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Titans 45, Colts 26: What We Learned

Physical play separates Tennessee from the pack in the AFC South.

The Tennessee Titans started fast and did not stop.

They scored touchdowns on their first two offensive possessions and eventually pulled away to a 45-26 victory over the Indianapolis Colts on Sunday at Lucas Oil Stadium. The victory gave them a leg up in the AFC South and showcased their power running game led by Derrick Henry. Tennessee had more than a 4:1 edge in rushing yards, 229-56, and Henry scored three rushing touchdowns, all before halftime.

“When you can run the ball for what we did and hold them to what we did, that’s the difference in the football game,” coach Mike Vrabel said. “That’s how you define physicality.”

The fact that the more physical team won is hardly enlightening.

Here are some things we did learn Sunday:

The road to the top of the AFC South runs through Nashville: The Titans (8-3) took sole possession of first place in the division and established themselves as the team to beat over the remaining five weeks.

Not only do they now have a split with Indianapolis in the season series (7-4), they have a better conference record which is the next tiebreaker criterium. Tennessee is 6-3 against the rest of the AFC while the Colts are 3-4 with nothing but AFC opponents remaining on their schedule.

The Titans went 3-3 against the division in each of their first two seasons under Vrabel, but for the second year in a row they have beaten each of the other three AFC South teams once. In 2019, Tennessee lost the first meeting with all three (Indianapolis, Jacksonville and Houston) but responded with victories in the rematch.

Now, it has the opportunity to go 5-1 and firmly establish itself as the class of the field.

“You’ve got to play your best ball at the back end of the season, man,” inside linebacker Rashaan Evans said. “I feel like that was the biggest thing for us. The number one thing is for us to do the little things that we’re doing, stay healthy and just play on all three phases, man. Play really good football and I think we’ll be alright.”

• Imitation leads to inspiration: As part of the preparation for the Week 11 victory at Baltimore, the Titans used wide receiver Cameron Batson at quarterback on the scout team to mimic the designed runs by Ravens quarterback Lamar Jackson. Apparently, that gave somebody an idea.

With 1:52 to play in the first half, on third-and-1 from the Indianapolis 16, Batson lined up in the backfield, took a direct snap from center and ran the ball to the right. He gained five yards, moved the chains and set up Derrick Henry’s third touchdown of the day, an 11-yard run on the next play. That score gave the Titans a 14-point lead (28-14) for the first time and allowed them to start to pull away.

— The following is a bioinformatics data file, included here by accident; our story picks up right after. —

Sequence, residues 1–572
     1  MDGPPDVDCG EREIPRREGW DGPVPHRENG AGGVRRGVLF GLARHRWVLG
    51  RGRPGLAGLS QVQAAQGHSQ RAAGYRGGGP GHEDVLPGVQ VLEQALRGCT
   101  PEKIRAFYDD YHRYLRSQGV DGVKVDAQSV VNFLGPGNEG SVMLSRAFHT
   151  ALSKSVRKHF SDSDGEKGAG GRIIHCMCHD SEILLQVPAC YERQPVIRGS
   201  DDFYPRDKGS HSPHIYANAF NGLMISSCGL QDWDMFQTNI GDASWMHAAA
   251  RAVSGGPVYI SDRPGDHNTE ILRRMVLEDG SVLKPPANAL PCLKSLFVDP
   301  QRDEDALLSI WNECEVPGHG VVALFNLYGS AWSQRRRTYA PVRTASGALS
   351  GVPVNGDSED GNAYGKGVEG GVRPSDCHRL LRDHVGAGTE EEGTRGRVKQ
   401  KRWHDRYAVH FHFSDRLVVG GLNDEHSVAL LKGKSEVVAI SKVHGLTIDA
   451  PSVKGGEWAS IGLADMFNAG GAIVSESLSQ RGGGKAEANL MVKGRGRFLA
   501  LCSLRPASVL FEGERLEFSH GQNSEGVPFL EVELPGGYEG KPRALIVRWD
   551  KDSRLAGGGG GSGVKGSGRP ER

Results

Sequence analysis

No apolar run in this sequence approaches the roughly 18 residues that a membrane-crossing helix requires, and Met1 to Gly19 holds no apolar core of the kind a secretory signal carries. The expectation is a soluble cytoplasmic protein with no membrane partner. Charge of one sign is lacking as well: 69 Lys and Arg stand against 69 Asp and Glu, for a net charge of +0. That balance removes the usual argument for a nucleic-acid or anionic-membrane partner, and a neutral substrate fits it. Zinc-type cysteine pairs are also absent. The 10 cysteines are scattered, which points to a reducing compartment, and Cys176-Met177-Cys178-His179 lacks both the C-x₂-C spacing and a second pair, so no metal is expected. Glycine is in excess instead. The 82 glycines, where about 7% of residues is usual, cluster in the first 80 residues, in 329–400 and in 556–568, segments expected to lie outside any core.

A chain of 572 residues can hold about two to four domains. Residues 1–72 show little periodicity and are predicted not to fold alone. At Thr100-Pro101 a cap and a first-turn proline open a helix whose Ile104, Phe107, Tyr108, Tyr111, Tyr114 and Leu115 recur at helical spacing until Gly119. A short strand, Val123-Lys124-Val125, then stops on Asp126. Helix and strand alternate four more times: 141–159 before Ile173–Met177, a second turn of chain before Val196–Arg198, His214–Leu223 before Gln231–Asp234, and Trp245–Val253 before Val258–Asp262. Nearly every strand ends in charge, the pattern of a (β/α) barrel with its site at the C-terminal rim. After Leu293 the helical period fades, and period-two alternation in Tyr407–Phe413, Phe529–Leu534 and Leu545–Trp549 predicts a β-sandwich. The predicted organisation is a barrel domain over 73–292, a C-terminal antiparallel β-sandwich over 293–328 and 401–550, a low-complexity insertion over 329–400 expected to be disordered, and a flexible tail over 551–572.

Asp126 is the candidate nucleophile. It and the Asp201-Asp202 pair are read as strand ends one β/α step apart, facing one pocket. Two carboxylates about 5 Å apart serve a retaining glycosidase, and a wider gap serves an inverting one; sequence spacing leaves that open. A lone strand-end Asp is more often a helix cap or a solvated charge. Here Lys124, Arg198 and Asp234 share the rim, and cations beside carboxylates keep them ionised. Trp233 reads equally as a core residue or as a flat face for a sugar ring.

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Batson had two rushes for 15 yards coming into the contest. Both of those were on jet sweep actions when he took handoffs from Ryan Tannehill. This one gave opposing defenses in the coming weeks one more thing to consider when preparing for Tennessee.

“It was hard-fought the whole way,” safety Kenny Vaccaro said. “Offense, defense kind of came together. We did what we needed to do.”

Including at least one thing they had not done.

• Knowledge is power? Try points: With touchdowns on their first two possessions, the Titans built a 14-7 lead at the end of the first quarter.

It was their third game this season with 14 points in the first quarter. The other two were against Jacksonville in Week 2 and against Houston in Week 6. That means they completed the trifecta against their AFC South opponents.

“There’s still some plays we’d like to have back and do a little better,” quarterback Ryan Tannehill said. “Happy with the way we came out and played the first half … and did what we needed to do in the second half.”

When you know an opponent well, you can craft a plan and expect that you won’t see something that will force you to deviate dramatically from that plan.

If the plan works, it can have an immediate impact. That is what has happened in three of four division games this season and bodes well for upcoming contests at Jacksonville (Dec. 13) and Houston (Jan. 3).

• Knowledge is power? Try yards: Henry rushed for 178 yards on 27 carries, which made it his second-best performance of the season in terms of yards and yards per carry (6.6).

Henry now has rushed for 150 yards or more seven times in his NFL career. Five of them have come against AFC South opponents. He had done it twice each against Jacksonville and Houston. Now, he has completed the trifecta with one against Indianapolis. His previous high against the Colts was 149 yards on Dec. 1, 2019, which was the last time he played at Lucas Oil Stadium and the start of a streak of eight straight road games in which he has rushed for 100 yards or more. That is tied for the NFL’s second longest such streak over the past 60 years.

In this case, maybe it is not that Henry knows what he faces in the division rivals. It could be that those defenses know all too well what is coming and their enthusiasm about trying to stop it pales in comparison to teams that don’t see it nearly as often.

“We’ve talked about it, they have the best rushing attack in the NFL, the best back in the NFL,” Colts coach Frank Reich said. “We knew it would be a challenge. I thought we handled it better in the second half, but we have to play better team defense for 60 minutes.”